In a dramatic development, the House of Lords has voted to allow the use of religious premises and religious language in same-sex partnerships.
Sitting yesterday evening (2 March), peers voted in favour of the proposal by 95 votes to 21, despite opposition from the government and several Church of England bishops.
The current law on same-sex civil partnerships prohibits religious elements. Campaigners point out that this means that whereas a mixed-sex couple can choose between a civil or religious wedding, a same-sex couple are denied this choice.
The proposal, which takes the form of an amendment to the Equality Bill, was put forward by Waheed Alli, who is a gay Muslim and Labour peer. The government have agreed to work with Alli to redraft the amendment, ensuring that the principle is incorporated into the Bill.
The Times writes:
The House of Lords voted to lift the ban on civil partnership ceremonies in churches and other religious premises last night.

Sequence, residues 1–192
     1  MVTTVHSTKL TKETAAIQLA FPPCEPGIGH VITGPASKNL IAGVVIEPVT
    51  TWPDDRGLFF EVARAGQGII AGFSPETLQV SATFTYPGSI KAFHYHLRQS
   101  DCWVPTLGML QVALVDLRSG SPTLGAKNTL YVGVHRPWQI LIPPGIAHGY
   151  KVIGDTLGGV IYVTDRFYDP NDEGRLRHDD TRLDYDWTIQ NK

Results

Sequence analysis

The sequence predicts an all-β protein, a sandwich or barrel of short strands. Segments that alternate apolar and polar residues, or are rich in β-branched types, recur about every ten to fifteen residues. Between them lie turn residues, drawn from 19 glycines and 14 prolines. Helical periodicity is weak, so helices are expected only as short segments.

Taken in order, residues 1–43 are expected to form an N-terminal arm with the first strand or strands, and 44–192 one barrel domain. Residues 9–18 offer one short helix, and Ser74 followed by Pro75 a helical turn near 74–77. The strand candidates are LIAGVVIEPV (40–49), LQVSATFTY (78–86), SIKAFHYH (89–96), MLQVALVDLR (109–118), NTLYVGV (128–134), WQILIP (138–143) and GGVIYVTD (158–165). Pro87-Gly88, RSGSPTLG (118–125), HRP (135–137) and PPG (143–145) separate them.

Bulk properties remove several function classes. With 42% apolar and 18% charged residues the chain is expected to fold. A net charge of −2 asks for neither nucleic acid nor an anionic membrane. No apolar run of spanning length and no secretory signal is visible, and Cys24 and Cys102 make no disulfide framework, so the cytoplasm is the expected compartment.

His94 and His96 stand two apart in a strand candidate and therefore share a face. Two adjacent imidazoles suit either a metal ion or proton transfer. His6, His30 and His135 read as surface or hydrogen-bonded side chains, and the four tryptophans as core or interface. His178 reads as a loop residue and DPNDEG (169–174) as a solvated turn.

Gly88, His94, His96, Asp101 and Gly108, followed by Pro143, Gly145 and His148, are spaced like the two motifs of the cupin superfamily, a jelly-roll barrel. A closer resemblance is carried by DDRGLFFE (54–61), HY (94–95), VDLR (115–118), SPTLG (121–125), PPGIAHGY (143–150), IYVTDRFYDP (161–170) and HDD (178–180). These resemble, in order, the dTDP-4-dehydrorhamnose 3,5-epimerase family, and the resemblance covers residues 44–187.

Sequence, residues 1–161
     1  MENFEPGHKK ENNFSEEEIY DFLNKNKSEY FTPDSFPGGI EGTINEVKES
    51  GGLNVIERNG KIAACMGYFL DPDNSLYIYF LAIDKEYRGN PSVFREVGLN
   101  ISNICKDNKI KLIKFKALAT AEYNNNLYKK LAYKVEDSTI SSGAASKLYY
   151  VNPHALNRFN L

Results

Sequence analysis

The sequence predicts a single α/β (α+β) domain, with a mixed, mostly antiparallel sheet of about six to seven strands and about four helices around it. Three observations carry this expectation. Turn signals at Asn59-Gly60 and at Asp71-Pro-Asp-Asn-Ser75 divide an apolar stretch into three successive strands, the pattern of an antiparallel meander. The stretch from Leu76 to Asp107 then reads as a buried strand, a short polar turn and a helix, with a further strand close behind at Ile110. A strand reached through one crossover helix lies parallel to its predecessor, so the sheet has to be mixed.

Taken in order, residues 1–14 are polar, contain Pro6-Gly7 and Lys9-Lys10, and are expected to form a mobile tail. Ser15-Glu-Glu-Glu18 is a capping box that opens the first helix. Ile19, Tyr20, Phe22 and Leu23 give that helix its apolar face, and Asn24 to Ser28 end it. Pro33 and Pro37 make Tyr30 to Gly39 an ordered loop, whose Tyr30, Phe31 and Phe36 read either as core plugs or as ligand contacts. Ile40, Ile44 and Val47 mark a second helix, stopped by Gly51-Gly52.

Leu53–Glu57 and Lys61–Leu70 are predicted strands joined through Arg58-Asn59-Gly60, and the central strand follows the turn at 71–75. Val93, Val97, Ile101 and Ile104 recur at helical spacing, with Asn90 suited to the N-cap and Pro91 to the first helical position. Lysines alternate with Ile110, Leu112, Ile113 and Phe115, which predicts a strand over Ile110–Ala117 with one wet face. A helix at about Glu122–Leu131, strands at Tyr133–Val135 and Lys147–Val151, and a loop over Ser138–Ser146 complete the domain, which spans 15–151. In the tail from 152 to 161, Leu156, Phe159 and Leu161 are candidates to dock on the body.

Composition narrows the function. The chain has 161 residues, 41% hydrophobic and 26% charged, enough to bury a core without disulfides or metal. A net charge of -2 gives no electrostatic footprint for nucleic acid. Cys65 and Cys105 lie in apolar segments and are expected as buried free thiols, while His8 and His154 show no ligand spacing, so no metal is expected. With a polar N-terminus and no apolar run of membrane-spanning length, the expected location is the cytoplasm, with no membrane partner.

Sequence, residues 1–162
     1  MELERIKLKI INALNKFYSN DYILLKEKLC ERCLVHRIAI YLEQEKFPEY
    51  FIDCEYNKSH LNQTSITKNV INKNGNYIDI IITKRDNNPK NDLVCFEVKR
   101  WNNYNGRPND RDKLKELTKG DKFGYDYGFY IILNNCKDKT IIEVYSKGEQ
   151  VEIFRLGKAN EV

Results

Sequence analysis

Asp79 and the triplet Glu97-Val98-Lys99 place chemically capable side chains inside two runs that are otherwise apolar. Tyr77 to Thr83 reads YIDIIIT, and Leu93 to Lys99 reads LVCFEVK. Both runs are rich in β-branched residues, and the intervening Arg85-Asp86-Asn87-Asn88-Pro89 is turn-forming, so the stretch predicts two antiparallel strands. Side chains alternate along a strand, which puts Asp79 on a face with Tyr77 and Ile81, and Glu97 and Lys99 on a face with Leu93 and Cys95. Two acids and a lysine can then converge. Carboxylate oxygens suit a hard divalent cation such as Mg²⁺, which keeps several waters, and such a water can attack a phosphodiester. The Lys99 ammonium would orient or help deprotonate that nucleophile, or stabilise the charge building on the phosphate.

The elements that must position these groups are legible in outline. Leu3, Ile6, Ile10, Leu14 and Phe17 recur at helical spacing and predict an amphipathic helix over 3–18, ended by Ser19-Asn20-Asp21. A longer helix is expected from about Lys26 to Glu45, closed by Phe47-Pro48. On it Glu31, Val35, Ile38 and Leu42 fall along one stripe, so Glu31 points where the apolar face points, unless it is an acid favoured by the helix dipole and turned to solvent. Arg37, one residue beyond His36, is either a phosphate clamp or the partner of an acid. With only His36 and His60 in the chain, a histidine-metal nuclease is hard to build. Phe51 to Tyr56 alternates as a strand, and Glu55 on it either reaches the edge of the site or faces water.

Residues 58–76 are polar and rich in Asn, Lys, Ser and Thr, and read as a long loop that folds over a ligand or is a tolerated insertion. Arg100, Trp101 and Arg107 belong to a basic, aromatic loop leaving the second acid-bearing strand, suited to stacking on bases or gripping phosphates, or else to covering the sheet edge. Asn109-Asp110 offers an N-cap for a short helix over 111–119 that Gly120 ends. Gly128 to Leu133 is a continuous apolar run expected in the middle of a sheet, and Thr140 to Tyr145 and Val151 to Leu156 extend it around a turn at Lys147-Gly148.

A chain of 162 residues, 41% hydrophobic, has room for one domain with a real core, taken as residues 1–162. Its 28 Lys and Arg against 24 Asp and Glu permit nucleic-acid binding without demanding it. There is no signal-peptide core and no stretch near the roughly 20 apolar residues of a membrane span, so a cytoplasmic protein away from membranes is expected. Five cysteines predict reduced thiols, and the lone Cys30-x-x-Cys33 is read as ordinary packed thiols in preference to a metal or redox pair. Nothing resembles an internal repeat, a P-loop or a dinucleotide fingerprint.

Peers voted by 95 to 21 - a majority of 74 - to lift the ban which previously prevented gays and lesbians from getting “married” in such places.
In a letter to The Times ten days ago, senior bishops including the Bishop of Salisbury and the Dean of Southwark expressed their support for the amendment, which was tabled by gay Labour peer Lord Alli.
The Daily Mail notes:
Gay couples will be able to marry in church after the House of Lords last night lifted a ban on same sex unions in religious premises.
The vote wipes out one of the final distinctions between marriage and civil partnerships.